The problem for software development is that this potential for change is constant, its as true in the first week as it is in the last week. Furthermore, you don't really know what form of work the change will engender, it may be donkeywork, it made need great creativity to come up with new concepts, it may be tracking a bug. A huge amount of money is spent to make sure industrial processes don't change in either their nature or their duration. Ford was the leader in this and when he'd managed to make things so predictable then he could measure productivity accurately and thus could adjust working hours safe in the knowledge of what the outcome would be. He spent 12 years experimenting on this, the gaming industry hasn't been at its current strength for anything like 12 years. Making people work crazy hours even though their productivity will vary widely as a result is a response to this uncertainty and planning difficulty. Your EAian 60 hours gives you considerable slack. Some 60 hour periods will be easier on the workforce than other 60 hour periods though. The only thing that makes the gaming industry different is that they seem to be able to hire people prepared to do this for whatever reason.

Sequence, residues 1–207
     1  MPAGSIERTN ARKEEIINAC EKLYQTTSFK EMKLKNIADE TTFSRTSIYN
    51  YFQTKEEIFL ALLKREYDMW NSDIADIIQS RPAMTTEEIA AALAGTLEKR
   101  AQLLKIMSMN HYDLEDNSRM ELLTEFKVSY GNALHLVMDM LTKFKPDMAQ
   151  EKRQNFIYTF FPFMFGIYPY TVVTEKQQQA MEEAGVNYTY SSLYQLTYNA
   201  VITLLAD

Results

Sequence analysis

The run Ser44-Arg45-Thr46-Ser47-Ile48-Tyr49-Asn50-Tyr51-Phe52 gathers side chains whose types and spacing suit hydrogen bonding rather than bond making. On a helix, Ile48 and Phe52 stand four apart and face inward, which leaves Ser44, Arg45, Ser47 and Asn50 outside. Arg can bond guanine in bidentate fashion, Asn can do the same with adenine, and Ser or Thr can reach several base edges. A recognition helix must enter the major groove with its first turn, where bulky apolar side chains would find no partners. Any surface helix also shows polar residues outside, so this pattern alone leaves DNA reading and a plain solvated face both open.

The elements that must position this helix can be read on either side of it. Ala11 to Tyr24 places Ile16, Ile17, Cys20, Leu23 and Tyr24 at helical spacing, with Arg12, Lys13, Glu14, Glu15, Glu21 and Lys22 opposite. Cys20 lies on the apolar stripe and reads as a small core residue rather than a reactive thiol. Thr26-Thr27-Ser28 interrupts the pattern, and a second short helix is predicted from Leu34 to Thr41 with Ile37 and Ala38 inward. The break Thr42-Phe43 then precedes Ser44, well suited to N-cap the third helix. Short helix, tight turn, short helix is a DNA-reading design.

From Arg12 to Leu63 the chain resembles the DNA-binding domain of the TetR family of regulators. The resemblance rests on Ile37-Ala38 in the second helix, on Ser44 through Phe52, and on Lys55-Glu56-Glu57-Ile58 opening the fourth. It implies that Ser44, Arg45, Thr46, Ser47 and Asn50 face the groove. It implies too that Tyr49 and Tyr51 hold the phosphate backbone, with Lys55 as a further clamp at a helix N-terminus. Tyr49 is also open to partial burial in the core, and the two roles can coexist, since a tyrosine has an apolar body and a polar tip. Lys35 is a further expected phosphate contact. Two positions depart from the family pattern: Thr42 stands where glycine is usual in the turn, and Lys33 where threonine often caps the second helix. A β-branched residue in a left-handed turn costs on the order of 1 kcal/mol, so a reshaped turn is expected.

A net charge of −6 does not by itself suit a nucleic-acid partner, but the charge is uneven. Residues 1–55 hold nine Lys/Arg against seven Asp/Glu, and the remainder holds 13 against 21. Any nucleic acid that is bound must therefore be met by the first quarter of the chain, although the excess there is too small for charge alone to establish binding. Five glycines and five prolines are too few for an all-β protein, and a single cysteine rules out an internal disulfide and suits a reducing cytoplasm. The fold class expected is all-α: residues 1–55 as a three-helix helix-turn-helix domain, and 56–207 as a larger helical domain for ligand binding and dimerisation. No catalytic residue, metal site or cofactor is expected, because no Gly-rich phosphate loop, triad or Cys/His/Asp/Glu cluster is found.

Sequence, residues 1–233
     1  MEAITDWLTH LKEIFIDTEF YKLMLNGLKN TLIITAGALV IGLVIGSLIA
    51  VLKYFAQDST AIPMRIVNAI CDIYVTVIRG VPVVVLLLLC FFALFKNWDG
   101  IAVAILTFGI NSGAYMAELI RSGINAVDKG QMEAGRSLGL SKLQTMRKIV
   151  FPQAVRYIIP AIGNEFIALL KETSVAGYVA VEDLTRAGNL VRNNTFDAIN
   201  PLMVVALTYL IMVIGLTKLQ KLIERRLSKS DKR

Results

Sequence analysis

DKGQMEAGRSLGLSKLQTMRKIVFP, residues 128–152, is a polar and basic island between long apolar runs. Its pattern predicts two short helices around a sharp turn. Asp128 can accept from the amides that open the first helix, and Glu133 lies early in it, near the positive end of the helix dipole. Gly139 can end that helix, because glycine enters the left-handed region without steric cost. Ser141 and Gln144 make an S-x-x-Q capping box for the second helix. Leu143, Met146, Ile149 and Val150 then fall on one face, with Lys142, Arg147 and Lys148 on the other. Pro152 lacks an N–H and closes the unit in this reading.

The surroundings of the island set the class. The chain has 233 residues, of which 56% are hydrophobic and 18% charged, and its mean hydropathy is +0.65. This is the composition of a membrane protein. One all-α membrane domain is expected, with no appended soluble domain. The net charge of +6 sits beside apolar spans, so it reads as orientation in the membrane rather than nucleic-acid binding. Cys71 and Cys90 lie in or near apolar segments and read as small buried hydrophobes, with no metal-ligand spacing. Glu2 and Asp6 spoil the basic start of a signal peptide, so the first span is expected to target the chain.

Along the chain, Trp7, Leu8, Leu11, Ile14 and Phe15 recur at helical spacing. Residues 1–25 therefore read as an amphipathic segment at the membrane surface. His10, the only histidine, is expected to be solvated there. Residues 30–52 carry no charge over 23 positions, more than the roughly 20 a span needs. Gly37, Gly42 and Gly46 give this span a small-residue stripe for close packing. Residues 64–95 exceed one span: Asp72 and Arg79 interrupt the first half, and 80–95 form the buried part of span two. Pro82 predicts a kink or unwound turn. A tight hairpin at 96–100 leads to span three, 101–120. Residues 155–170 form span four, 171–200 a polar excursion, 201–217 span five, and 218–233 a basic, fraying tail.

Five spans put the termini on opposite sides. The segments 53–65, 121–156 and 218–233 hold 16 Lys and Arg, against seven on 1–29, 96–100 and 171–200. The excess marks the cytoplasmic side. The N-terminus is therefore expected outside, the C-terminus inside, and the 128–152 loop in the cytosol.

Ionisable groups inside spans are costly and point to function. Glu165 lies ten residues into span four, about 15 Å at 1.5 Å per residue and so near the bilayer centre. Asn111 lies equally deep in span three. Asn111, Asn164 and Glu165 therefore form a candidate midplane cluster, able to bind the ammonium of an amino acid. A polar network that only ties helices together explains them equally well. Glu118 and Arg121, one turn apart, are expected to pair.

• by chthon ( 580889 ) on Thursday June 09, 2005 @05:19AM (#12766394) Homepage Journal

    I already found out when I was 21 or 22 (I was still in school then), that it was better for me to go to sleep early, rather than stay up late for a programming problem.

    When I woke up fresh, I usually had the solution of the problem the evening before, and it was much easier to spot problems in already implemented code.

Adding features does not necessarily increase functionality -- it just makes the manuals thicker.